Bible Study on True Repentance

Bible Study on True Repentance


I. The Definition of Repentance.

REPENTANCE: “Repentance unto life is a saving grace, whereby a sinner, out of a true sense of his sin, and apprehension of the mercy of God in Christ, doth, with grief and hatred of his sin, turn from it unto God, with full purpose of, and endeavor after, new obedience” (Shorter Catechism of the Westminster Assembly

Question 87).

“Repentance . . . is the true turning of our life to God, a turning that arises from a pure and earnest fear of Him; and it consists in the mortification of our flesh and of the old man, and in the vivification of the Spirit.” (John Calvin, Institutes of the Christian Religion,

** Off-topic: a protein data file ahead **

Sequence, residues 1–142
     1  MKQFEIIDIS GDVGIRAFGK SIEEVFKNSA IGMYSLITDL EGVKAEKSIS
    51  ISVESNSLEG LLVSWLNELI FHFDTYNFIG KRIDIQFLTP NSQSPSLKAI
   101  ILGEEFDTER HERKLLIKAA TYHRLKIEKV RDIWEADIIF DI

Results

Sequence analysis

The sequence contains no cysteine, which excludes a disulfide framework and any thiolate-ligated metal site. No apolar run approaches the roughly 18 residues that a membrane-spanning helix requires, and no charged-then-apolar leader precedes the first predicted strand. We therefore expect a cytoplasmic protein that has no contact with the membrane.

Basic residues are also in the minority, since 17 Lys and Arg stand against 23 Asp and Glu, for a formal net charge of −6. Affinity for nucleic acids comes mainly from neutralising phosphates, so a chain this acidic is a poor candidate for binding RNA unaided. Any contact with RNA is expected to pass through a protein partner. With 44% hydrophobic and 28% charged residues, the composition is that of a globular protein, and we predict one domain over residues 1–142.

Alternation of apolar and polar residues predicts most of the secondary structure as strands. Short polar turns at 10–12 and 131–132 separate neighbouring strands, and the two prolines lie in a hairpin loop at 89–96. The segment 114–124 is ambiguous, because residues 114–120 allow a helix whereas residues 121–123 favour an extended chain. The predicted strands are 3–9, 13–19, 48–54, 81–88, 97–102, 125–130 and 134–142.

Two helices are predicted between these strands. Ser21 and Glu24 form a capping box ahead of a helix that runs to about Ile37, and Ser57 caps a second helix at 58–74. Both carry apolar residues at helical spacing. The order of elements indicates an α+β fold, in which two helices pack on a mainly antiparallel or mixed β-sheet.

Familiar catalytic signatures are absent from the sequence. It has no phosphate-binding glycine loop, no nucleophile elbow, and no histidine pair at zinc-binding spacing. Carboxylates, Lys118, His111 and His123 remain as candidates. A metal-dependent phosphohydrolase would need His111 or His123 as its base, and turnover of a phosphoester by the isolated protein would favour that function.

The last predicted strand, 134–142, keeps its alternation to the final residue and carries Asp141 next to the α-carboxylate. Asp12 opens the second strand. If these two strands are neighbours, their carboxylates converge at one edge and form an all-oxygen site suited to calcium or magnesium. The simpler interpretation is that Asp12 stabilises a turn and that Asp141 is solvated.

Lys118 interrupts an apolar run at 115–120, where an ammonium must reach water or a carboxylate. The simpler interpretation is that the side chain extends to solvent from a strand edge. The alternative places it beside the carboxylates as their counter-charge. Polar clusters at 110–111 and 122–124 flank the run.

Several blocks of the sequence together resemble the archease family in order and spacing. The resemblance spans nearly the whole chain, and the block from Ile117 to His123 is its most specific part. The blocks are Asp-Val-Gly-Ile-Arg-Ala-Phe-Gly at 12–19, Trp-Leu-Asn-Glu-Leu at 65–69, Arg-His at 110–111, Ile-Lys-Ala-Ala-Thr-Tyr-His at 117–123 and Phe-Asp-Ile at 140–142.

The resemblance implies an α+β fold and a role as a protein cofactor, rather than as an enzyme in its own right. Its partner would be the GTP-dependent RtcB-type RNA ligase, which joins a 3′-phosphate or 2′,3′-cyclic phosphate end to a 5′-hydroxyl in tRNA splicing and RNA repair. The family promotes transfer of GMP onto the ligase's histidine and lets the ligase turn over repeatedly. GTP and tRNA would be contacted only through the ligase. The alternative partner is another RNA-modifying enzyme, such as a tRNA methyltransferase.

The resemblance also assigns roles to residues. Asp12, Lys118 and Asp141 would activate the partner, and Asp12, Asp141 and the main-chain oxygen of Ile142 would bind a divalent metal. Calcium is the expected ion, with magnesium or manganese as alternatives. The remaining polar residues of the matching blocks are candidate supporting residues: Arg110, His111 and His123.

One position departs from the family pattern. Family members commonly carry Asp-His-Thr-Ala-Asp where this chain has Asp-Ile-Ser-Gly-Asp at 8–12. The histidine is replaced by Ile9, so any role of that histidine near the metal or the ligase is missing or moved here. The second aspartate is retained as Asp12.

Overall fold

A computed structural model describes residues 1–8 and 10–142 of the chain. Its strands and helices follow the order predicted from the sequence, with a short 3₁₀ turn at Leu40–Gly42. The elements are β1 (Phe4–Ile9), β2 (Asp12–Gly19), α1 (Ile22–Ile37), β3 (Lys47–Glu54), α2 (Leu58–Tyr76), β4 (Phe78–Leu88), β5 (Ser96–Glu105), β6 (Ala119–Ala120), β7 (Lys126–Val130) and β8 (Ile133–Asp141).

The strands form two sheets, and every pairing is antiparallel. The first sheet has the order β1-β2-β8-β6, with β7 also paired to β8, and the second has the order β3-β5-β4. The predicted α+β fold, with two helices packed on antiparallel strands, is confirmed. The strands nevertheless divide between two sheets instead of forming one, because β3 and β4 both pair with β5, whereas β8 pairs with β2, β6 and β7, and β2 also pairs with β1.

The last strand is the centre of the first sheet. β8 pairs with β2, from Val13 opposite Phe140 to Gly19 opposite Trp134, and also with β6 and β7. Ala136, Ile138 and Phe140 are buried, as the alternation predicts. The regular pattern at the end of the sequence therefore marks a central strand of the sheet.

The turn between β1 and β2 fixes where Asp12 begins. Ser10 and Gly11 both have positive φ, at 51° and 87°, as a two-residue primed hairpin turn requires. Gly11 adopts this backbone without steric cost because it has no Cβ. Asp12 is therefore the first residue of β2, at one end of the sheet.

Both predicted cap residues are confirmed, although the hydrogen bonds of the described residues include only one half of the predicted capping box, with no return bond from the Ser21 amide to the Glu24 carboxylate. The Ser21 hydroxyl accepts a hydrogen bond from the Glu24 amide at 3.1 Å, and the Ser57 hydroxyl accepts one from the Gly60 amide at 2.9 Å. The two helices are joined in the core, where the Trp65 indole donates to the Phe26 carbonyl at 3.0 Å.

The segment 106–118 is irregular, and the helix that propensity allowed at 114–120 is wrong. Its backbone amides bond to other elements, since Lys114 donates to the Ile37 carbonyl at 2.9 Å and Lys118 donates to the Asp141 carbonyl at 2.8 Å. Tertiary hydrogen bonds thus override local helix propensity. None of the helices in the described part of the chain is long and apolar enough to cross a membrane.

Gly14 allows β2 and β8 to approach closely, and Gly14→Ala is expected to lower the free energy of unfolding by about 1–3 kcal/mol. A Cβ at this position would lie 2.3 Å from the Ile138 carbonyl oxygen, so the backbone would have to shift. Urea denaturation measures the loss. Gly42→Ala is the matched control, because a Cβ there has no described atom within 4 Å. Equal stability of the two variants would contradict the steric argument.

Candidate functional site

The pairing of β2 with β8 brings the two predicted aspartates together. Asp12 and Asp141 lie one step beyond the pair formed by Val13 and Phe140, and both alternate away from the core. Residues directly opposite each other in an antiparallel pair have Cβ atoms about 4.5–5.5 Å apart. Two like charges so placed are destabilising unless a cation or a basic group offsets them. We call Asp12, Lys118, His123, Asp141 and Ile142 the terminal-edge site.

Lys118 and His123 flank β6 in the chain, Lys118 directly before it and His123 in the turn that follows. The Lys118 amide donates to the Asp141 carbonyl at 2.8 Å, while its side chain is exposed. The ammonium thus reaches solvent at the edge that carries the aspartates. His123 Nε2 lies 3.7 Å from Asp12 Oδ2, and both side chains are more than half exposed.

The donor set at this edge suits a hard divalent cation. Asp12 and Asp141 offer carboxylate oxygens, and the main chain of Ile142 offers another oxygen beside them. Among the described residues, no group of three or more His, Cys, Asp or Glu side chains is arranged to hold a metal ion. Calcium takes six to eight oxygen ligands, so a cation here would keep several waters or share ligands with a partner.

II. Repentance in the Old Testament.


A. Read the following passages; Is. 58:5; Neh. 9:1; Joel 2:13. Which deeds are outward and which are inward?

B. Read the following passages and describe in your own words evidences of repentance found in each.

Is. 30:15

Jer. 34:15

Jer. 26:3, 36:3

C. Read Ez. 18. Summarize the elements of true repentance you find in this chapter.

Repentance in the New Testament.


A. Greek words: Metanoia - a change of mind, (to change one’s mind for the better, heartily to amend with abhorrence of one’s past sins.) Luke 10:13.

 Epistrophei - to turn to, to cause to return, to bring back, to turn one’s self about, conversion. Acts9:35.



B. Read Luke 15:11-24. Does the prodigal’s repentance involve regret only? Which aspects of the Prodigal’s repentance coincide with the Greek words above?

C. Read Eph. 5:8-14. What evidences of true repentance described in this passage would be absent in false repentance? Why?

IV. The Nature of Repentance.